Many people try to say that the first chapters of Genesis are metaphors, or as a poetic account. But would the opening chapters of Genesis be poetic?
We must understand that poetic terms have poetic constructions, and literal texts have direct narrative construction. Doing research in written form, we see Genesis as an extremely descriptive account. Poetic constructions are not determined in the text. This would be standard, for example in the Sumerian writings of the story of Enuma Elish, the construction is poetic, which does not occur in Genesis.
The first definition is:
In the beginning God created the heavens and the earth.
Genesis 1: 1
The term principle, in the Hebrew original, defines the first thing that happened, it is like a numeral order. As first, then second and so on. The term God, which in Hebrew comes from the meaning of power, the word God in the verse defines a plural for power. We could say that the term God here in the verse is literally the almighty. The term create, in Hebrew comes directly from the system of forming something, shaping something. And it defines heaven and earth, in which directly in Hebrew it would define above and what is firm.
In a way, the correct translation of an extremely old text should never have a complex language. In fact the text would look like this:
First the almighty formed above and what is below.
And so, we see in the Hebrew mode a very narrative system. In a way, the text at this point does not go against the theoretical concept of the big bang, or any other scientific theory. For in scientific theories, it does not define the before the big bang.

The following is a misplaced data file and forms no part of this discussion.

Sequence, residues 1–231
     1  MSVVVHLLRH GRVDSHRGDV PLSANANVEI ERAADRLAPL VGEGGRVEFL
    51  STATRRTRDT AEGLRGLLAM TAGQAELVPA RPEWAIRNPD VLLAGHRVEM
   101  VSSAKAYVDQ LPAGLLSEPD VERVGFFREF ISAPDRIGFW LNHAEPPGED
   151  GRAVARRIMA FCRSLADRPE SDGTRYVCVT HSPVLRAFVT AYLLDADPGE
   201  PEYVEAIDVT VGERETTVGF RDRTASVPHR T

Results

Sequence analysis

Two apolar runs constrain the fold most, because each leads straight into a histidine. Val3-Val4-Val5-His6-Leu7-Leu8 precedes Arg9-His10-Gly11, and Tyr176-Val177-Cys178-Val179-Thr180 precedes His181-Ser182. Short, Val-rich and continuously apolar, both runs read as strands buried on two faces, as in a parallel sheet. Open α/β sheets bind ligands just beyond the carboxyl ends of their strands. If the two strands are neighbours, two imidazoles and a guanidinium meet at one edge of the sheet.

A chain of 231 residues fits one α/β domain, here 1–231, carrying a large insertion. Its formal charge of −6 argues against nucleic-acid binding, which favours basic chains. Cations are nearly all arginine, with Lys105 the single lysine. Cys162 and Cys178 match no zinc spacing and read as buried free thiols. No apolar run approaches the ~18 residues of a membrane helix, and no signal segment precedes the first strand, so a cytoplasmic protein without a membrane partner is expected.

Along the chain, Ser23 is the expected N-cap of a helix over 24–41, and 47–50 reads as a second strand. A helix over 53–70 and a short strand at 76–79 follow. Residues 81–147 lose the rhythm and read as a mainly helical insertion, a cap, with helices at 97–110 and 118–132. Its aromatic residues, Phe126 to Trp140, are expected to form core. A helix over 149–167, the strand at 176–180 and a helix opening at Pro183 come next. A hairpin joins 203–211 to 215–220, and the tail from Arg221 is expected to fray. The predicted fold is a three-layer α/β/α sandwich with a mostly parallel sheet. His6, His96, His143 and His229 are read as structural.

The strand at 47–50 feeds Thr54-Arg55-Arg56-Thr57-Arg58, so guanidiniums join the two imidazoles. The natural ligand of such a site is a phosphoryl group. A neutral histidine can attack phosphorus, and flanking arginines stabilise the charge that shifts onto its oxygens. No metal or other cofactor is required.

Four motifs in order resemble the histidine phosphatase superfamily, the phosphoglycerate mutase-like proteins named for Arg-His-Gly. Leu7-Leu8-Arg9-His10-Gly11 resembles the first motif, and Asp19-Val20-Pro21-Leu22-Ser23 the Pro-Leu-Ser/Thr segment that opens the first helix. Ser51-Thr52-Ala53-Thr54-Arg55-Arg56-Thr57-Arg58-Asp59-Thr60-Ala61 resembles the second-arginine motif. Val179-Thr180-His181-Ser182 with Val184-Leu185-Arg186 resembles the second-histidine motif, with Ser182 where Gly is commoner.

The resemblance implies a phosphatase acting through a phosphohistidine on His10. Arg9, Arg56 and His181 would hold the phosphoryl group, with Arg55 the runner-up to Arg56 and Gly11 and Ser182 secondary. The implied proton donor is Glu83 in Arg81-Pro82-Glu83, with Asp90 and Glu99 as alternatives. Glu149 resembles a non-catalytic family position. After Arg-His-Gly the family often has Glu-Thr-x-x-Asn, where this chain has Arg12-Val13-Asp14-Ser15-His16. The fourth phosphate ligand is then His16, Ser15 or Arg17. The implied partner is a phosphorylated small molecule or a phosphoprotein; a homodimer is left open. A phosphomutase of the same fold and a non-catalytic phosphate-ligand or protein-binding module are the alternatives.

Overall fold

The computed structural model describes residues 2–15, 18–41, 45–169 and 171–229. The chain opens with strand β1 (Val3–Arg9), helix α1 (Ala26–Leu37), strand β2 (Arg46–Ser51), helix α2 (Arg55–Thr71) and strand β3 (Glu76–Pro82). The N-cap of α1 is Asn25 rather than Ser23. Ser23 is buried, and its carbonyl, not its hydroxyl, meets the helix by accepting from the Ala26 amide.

So in the first verse we have no definition of a poetic verse.
In the second verse we have:
It was the formless and empty land; darkness covered the face of the deep, and the Spirit of God moved over the face of the waters.
Genesis 1: 2
The first sentence is clearly descriptive, the term Almighty and Spirit remaining, as possible poetry or not. The question is whether the Hebrews regard the Spirit of God as a literal factor. And clearly we have that the Spirit of God in Hebrew culture is defined as a literal and not a poetic concept.
In the description of the verse the earth was formed by water, that is, we could see a planet with water on its surface, like a huge ocean. And that God would be on its surface.
The question is, can we accept that the land was really like that? First, verse 1 says that the heavens and the earth were first made, but it does not say how long that first is. One can say first I washed the car. Now, that doesn't say that the car was instantly cleaned. It just says that he washed the car first. The verse in 1 says the same thing, that is, it does not say how long it took to make the heavens and the earth, but it defines that first that was what was done.
The question of the land without form will not be talking about a view of space, but a view of the surface. Thus, the land was a great ocean. Planets of a certain size have the capacity to retain gases, and to condense into liquids. Thus, we would normally have a planet with a gas layer, with another liquid layer and another solid one.
With these layers, sunlight is not visible in the earth's crust, so anyone on the planet's surface sees a dark place. This is the shape of the planet defined in Genesis 1: 1